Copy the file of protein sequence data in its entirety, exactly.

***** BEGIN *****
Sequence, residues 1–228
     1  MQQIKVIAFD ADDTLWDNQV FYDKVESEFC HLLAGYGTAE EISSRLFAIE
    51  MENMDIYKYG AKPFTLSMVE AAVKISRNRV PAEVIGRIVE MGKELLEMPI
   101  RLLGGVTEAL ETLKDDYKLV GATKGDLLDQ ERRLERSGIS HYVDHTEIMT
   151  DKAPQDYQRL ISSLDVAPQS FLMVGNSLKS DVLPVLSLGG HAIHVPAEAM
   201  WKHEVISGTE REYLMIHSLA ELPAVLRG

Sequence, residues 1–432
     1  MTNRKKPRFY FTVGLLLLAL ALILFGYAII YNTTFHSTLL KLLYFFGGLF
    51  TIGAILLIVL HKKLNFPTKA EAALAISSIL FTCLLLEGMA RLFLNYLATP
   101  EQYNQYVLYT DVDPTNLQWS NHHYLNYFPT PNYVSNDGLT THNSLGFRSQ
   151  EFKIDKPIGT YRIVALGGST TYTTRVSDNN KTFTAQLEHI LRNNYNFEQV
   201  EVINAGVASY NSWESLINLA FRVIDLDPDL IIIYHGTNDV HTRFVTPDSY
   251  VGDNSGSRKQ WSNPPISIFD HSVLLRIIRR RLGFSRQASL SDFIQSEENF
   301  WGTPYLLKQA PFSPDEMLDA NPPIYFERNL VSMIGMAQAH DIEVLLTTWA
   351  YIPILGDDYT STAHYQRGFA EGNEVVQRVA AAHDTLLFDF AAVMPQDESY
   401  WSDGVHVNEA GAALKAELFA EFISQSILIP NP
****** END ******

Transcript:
Sequence, residues 1–228
     1  MQQIKVIAFD ADDTLWDNQV FYDKVESEFC HLLAGYGTAE EISSRLFAIE
    51  MENMDIYKYG AKPFTLSMVE AAVKISRNRV PAEVIGRIVE MGKELLEMPI
   101  RLLGGVTEAL ETLKDDYKLV GATKGDLLDQ ERRLERSGIS HYVDHTEIMT
   151  DKAPQDYQRL ISSLDVAPQS FLMVGNSLKS DVLPVLSLGG HAIHVPAEAM
   201  WKHEVISGTE REYLMIHSLA ELPAVLRG

Sequence, residues 1–432
     1  MTNRKKPRFY FTVGLLLLAL ALILFGYAII YNTTFHSTLL KLLYFFGGLF
    51  TIGAILLIVL HKKLNFPTKA EAALAISSIL FTCLLLEGMA RLFLNYLATP
   101  EQYNQYVLYT DVDPTNLQWS NHHYLNYFPT PNYVSNDGLT THNSLGFRSQ
   151  EFKIDKPIGT YRIVALGGST TYTTRVSDNN KTFTAQLEHI LRNNYNFEQV
   201  EVINAGVASY NSWESLINLA FRVIDLDPDL IIIYHGTNDV HTRFVTPDSY
   251  VGDNSGSRKQ WSNPPISIFD HSVLLRIIRR RLGFSRQASL SDFIQSEENF
   301  WGTPYLLKQA PFSPDEMLDA NPPIYFERNL VSMIGMAQAH DIEVLLTTWA
   351  YIPILGDDYT STAHYQRGFA EGNEVVQRVA AAHDTLLFDF AAVMPQDESY
   401  WSDGVHVNEA GAALKAELFA EFISQSILIP NP